When Starr came to the Packers in 1956—the same year Unitas joined the Colts—he was not imbued with the kind of cocky self-confidence that is part of the makeup of most pro quarterbacks. He had come to Green Bay from Alabama, where he had just finished a shattering senior year sitting on the bench. J. B. (Ears) Whitworth had taken over the Alabama team and decided that he would live or die with his sophomores. This meant that Starr, a starter in his sophomore and junior years, had to spend his senior year out of the action. The fact that he had an ailing back contributed to Whitworth's decision.
Starr has a serious face and, remembering his difficulties at Alabama, it was sad. "I guess if I hadn't got married my junior year, I wouldn't have been able to stand it. My wife was a wonderful help. For a young person, she had a lot of maturity."
Despite his relative obscurity, Starr was drafted 17th by Green Bay.
" Johnny Dee, the basketball coach at Alabama, was responsible for that," Starr said. "He was a good friend of the late Jack Vainisi, the Green Bay scout, and he talked him into taking a chance. It's a good thing he did. I was down as low as I have ever been. I have never had much confidence. That was the year I started doubting my own ability."
In early summer before he reported to the Green Bay camp in his rookie year, Starr worked hard and long to improve himself. He and Cherry, his wife, spent the summer at her parents' home.
"I built an A-frame in their front yard," Starr recalls. "Then I hung a tire on it and practiced throwing the ball through the tire from different angles for hours every day. Cherry fielded the ball for me."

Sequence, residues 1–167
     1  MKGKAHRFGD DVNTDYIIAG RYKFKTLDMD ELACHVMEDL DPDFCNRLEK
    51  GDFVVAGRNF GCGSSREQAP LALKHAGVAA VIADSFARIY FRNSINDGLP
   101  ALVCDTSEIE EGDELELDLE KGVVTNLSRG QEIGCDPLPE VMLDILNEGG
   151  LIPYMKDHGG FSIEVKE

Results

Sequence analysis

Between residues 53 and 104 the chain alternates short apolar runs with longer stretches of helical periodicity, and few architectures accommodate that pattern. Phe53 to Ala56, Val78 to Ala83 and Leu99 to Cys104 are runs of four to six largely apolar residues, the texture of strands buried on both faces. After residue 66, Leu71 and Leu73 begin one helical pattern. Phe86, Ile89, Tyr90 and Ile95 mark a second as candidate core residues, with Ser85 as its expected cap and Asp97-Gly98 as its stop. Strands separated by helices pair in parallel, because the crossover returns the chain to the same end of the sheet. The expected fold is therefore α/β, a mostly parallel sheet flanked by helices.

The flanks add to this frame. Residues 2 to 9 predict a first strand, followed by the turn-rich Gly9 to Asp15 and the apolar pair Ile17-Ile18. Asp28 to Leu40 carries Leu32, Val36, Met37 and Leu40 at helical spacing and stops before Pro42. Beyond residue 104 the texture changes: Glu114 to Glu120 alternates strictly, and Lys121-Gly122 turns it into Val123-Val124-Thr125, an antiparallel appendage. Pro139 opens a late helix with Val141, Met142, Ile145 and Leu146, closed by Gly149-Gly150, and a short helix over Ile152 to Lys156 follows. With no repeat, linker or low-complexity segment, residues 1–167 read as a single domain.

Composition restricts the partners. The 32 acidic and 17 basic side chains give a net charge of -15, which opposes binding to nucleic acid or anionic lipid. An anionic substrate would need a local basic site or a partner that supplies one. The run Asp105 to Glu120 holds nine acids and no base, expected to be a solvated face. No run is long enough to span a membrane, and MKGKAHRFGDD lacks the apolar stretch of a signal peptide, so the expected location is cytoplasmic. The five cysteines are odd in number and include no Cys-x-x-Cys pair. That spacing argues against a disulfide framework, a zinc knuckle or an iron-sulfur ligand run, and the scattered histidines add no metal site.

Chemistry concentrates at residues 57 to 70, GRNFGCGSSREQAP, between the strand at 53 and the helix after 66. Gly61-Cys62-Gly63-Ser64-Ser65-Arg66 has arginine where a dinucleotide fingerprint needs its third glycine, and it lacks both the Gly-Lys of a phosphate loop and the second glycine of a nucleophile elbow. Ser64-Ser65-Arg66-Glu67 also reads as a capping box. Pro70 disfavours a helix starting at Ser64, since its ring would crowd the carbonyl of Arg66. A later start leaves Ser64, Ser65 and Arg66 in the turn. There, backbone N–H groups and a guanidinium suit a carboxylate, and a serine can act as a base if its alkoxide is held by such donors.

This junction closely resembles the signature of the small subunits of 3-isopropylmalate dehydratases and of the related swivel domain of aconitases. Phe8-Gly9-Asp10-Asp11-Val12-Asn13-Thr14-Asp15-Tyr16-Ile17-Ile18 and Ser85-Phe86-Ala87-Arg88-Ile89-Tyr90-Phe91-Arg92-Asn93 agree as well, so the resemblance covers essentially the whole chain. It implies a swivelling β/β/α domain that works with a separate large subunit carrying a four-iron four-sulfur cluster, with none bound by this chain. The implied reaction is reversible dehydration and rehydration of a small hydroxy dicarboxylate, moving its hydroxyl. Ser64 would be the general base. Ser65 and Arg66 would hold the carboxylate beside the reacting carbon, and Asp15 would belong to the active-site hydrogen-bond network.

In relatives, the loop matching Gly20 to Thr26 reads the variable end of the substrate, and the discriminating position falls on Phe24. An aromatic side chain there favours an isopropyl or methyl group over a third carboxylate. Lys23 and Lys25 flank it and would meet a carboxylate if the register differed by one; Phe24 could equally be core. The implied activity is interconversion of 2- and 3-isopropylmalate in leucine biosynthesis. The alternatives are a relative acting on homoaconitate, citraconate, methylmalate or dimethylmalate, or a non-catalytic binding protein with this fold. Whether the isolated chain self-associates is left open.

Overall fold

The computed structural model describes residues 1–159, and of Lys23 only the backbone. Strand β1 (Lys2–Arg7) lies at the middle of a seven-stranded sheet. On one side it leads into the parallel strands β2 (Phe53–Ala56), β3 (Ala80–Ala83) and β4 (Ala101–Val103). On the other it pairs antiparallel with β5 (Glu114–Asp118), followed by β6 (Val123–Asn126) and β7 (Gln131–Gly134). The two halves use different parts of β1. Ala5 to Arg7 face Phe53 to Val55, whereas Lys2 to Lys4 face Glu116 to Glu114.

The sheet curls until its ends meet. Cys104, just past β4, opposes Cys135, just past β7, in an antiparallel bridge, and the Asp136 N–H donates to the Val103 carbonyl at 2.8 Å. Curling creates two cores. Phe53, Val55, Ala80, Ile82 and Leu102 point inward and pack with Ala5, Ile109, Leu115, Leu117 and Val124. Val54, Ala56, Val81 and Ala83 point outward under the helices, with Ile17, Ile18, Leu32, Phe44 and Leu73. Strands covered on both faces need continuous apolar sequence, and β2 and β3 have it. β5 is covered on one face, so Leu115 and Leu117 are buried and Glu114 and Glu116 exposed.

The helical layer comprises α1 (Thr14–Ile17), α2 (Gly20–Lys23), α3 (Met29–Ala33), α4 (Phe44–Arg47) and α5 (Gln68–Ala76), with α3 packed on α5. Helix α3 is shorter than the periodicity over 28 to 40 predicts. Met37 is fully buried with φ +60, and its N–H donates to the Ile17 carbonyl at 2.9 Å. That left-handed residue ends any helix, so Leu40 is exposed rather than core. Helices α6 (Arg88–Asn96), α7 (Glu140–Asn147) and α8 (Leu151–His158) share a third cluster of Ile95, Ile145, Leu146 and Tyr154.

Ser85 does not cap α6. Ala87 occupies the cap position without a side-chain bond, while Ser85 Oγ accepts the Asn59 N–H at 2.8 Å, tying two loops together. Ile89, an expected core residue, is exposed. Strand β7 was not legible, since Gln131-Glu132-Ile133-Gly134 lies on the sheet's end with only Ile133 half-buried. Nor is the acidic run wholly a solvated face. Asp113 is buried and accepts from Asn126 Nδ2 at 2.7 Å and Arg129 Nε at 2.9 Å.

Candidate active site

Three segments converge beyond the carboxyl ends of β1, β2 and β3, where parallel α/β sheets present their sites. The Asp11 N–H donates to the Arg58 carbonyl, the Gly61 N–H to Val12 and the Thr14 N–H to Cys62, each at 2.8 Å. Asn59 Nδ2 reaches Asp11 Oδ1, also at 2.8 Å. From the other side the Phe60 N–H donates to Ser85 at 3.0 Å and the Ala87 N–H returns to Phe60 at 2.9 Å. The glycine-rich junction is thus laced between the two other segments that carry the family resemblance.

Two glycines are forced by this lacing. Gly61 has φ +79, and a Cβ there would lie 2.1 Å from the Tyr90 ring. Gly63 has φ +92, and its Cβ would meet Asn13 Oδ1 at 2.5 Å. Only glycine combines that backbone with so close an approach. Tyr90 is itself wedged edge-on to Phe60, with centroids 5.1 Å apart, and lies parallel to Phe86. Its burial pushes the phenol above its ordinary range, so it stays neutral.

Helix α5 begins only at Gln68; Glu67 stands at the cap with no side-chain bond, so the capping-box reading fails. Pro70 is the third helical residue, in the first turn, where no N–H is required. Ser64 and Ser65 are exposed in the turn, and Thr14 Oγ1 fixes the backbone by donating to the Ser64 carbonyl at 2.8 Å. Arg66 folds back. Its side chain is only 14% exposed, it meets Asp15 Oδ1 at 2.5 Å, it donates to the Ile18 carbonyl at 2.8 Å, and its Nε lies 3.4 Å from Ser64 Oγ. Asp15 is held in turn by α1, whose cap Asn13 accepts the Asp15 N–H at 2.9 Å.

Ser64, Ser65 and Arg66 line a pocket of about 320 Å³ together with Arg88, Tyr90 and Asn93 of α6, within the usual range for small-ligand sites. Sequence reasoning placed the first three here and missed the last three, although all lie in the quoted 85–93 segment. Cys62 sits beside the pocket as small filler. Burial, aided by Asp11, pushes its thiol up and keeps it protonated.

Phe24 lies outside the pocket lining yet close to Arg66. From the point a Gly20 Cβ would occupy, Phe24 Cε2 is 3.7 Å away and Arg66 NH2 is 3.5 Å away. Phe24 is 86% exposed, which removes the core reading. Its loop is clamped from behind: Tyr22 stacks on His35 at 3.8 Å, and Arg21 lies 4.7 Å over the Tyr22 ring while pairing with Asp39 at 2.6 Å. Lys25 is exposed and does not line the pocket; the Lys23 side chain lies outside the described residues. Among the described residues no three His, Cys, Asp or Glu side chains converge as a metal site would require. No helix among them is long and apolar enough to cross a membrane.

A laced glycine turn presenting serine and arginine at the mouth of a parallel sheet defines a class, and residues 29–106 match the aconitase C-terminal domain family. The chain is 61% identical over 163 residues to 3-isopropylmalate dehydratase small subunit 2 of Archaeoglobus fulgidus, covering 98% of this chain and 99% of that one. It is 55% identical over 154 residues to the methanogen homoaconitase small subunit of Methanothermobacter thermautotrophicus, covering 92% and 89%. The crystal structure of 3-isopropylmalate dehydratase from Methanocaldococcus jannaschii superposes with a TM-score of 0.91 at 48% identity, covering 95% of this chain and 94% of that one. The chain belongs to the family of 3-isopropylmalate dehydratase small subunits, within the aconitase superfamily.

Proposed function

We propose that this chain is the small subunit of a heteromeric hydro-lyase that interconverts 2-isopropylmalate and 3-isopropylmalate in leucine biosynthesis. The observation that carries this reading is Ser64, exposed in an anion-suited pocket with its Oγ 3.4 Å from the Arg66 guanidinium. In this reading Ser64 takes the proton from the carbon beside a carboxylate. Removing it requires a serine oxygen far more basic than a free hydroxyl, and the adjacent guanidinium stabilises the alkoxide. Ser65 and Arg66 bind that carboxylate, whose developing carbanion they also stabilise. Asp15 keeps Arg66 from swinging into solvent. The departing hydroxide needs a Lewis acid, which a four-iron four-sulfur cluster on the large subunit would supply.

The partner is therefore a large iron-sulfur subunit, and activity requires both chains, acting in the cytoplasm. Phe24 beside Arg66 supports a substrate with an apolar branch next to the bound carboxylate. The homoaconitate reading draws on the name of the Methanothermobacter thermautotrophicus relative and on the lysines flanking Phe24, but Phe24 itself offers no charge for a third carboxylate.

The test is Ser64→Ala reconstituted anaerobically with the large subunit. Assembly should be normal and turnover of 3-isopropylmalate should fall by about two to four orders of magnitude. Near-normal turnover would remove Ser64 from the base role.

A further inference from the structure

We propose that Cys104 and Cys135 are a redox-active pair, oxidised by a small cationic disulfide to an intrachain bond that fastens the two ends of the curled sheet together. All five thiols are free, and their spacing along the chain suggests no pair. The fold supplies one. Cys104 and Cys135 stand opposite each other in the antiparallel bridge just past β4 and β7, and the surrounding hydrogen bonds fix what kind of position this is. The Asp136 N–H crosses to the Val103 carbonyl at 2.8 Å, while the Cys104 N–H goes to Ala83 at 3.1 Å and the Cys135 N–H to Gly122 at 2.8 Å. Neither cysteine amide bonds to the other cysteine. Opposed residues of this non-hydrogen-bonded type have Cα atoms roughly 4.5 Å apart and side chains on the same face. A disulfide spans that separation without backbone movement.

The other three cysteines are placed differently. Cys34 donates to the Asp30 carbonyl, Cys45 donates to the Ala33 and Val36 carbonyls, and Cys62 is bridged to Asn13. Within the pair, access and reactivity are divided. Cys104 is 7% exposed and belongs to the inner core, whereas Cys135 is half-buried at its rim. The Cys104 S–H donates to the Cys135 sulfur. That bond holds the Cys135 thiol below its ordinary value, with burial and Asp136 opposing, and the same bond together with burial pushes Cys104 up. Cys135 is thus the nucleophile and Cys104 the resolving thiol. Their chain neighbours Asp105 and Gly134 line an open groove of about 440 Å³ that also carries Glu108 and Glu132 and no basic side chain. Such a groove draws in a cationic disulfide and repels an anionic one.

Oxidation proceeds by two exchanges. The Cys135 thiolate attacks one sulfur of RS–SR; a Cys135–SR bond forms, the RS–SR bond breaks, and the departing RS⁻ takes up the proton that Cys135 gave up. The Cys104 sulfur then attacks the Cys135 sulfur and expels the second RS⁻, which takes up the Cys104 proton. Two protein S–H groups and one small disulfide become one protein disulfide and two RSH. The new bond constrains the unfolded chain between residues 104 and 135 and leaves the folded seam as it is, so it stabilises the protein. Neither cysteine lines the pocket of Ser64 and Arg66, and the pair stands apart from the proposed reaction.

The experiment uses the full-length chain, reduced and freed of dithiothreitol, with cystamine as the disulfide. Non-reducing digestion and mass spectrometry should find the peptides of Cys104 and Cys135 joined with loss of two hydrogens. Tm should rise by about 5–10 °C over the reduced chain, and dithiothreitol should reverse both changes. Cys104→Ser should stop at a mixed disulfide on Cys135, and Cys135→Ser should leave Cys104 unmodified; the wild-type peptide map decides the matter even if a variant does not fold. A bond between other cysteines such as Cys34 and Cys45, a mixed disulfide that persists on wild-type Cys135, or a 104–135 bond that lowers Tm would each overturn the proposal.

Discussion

There were five quarterbacks in the Green Bay camp when Starr reported. Tobin Rote was the veteran and the No. 1 man. It was not a situation to cheer a player suffering the self-doubt Starr felt.
"I didn't know I had it made until the last cut, just before the league season," Starr says. "When I stuck, it was one of the happiest moments of my life. I'm not sure why I did, but I remember I had one good half in an exhibition game against the Giants."
Starr roomed with Rote, who is as unlike him as is possible.
"He taught me a lot," Bart says. "He was a real hard-nosed guy. He had his own style and he was set in it, but he treated me great and he gave me tips. He didn't have to do that. The first thing he told me was, 'Kid, you have to learn to zip the ball a little. You won't make it in this league throwing cream puffs.' He had tremendous courage, too. He took his lumps and never said a word. That's something else I learned from him."